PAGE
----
“We stand behind the principled work our detectives did on this investigation,” Boynton Beach police spokeswoman Stephanie Slater said in an emailed statement, adding: “We trust in our State Attorney to successfully prosecute this case, and we are confident we have given his office sufficient evidence to meet the State’s burden. “

Dippolito in 2011 was sentenced to 20 years in prison after a first jury convicted her of solicitation to commit first-degree murder. Her conviction was later overturned on appeal after the same appellate court that rejected her latest appeal found that Chief Circuit Judge Jeffrey Colbath should have questions jurors individually, instead of as a group, about their exposure to media publicity in the case that sparked international headlines.

Dippolito, 33, didn’t take the stand in her own defense in the first trial, but in the hearings earlier this year, she said for the first time claims that she, Michael Dippolito and lover Shihadeh all came together to fabricate the plot in hopes that the publicity would score them more acting jobs.

Reader Comments ...

Next Up in Local

Juno Beach Council postpones vote on Frenchman’s Creek Club
Juno Beach Council postpones vote on Frenchman’s Creek Club

After an outcry from dozens of residents, the Juno Beach Town Council on Wednesday voted to hire an outside, expert attorney to advise them on the longstanding, thorny issue of the Frenchman’s Creek beach club. Frenchman’s Creek, a community of 606 luxury homes with two golf courses, is a few miles away in Palm Beach Gardens. It has a beachfront...
Author Patterson encourages reading among students at Boynton school
Author Patterson encourages reading among students at Boynton school

There’s no arguing that in the mind of a middle-school student, the name LeBron James generates more interest than James Patterson. But on Wednesday afternoon, while visiting Congress Middle School to deliver free books and encourage students to read, the best-selling author knew how to capture the children’s attention. “Is this your...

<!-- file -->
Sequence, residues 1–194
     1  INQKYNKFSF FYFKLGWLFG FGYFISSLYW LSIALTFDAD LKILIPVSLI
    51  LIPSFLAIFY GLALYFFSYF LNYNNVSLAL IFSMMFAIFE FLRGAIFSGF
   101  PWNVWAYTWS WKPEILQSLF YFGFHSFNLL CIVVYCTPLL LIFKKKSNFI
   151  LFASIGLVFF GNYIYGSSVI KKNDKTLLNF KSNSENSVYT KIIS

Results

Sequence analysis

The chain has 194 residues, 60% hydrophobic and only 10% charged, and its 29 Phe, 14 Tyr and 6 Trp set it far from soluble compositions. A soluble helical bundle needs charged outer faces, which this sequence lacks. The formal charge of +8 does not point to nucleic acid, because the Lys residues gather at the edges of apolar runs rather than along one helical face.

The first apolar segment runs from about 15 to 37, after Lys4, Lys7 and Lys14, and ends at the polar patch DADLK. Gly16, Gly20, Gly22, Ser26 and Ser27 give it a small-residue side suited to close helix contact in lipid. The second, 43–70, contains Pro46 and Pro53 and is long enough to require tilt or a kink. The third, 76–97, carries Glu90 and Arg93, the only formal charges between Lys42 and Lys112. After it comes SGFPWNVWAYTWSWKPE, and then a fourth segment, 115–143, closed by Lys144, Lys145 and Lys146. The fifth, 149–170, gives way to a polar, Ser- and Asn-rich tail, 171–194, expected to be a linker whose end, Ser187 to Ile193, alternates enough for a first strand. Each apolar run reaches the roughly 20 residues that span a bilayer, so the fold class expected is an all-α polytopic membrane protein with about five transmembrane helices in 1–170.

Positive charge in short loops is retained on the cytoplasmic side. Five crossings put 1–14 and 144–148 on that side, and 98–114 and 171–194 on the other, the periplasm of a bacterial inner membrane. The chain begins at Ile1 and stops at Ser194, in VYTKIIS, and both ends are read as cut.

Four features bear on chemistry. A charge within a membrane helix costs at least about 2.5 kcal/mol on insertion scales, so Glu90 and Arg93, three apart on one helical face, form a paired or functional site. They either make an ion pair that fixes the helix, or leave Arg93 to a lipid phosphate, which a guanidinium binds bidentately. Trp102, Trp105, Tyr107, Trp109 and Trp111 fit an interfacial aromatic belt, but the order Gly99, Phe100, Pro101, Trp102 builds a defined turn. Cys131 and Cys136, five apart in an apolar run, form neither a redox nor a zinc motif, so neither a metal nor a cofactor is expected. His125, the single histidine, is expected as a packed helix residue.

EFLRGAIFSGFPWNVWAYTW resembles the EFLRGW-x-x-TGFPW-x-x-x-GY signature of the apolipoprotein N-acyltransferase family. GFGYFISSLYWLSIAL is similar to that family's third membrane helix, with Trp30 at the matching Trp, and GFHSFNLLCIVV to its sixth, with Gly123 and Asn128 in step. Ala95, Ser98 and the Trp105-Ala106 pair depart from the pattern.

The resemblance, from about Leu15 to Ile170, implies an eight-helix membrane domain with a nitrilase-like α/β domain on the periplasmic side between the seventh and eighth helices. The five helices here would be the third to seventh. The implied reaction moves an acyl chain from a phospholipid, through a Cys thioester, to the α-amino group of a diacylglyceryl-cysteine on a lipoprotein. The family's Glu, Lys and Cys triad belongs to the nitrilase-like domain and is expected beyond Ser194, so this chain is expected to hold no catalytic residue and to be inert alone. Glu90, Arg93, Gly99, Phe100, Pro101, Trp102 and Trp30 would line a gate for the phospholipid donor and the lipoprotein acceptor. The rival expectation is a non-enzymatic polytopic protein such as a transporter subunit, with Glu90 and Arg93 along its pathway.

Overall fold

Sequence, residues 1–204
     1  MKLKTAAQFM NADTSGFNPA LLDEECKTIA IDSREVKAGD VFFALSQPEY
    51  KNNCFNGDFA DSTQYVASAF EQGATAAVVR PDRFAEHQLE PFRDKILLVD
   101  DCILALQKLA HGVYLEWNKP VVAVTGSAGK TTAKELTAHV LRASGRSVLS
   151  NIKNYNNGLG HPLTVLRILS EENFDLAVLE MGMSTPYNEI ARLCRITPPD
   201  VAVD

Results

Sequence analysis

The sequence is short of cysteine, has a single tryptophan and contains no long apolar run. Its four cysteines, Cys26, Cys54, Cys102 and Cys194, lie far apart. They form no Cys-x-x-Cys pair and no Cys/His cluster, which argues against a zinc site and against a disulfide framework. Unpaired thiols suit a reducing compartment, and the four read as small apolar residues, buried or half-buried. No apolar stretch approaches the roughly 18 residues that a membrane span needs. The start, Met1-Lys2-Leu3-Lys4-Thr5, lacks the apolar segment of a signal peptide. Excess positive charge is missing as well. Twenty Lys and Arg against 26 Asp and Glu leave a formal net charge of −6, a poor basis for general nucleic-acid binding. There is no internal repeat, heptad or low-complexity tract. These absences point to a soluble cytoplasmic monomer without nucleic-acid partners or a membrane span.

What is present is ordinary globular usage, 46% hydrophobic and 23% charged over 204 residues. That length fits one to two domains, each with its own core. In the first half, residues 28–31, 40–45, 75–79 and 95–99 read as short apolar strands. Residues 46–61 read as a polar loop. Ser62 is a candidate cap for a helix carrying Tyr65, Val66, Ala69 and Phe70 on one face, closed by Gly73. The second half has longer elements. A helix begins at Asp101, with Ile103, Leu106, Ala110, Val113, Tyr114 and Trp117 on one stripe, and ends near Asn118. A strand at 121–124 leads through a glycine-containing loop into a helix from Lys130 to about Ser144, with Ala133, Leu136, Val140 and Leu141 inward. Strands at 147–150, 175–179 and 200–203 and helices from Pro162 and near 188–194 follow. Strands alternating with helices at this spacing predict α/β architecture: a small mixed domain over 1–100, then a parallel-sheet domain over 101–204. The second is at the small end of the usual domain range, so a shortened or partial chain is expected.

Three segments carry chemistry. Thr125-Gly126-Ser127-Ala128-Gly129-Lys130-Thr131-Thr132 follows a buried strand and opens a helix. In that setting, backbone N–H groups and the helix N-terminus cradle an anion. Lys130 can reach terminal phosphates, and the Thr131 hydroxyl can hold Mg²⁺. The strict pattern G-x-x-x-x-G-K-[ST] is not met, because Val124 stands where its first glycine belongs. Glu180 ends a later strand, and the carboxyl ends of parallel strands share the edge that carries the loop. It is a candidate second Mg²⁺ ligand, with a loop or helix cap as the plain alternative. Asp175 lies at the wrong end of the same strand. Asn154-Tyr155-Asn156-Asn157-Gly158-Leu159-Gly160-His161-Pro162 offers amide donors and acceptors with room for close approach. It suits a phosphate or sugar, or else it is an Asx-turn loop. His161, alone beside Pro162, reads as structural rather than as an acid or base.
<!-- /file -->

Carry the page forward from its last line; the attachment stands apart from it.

Jeff Goldblum reprising original role as brash mathematician in ‘Jurassic World 2’
Jeff Goldblum reprising original role as brash mathematician in ‘Jurassic World 2’

  A familiar face is returning for the latest installment in the “Jurassic Park” franchise. Actor Jeff Goldblum, played the brash mathematician Dr. Ian Malcolm in 1993’s “Jurassic Park” and its sequel in 1997 “The Lost World,” and has now has signed on for “Jurassic World 2,” according to the ...
Melgen jury recesses for day without verdict; resumes Thursday
Melgen jury recesses for day without verdict; resumes Thursday

After a nearly two-month trial and getting last minute instructions on the law, a federal jury on Wednesday began deciding whether Dr. Salomon Melgen is guilty of 76 charges of health care fraud. The 12 jurors began deliberating at mid-morning and retired for the day just before 5 p.m. without reaching a verdict. They will resume Thursday morning...
Trump tax plan: What is the AMT, tax repatriation, the death tax?
Trump tax plan: What is the AMT, tax repatriation, the death tax?

President Donald Trump on Wednesday announced a proposal to drastically cut taxes for corporations and simplify the tax filing system for individuals. Companies would see a business tax rate of 15 percent, down from 35 percent, and individuals would benefit from a doubling of the standard deduction and a simplified form to fill out on tax day each...
More Stories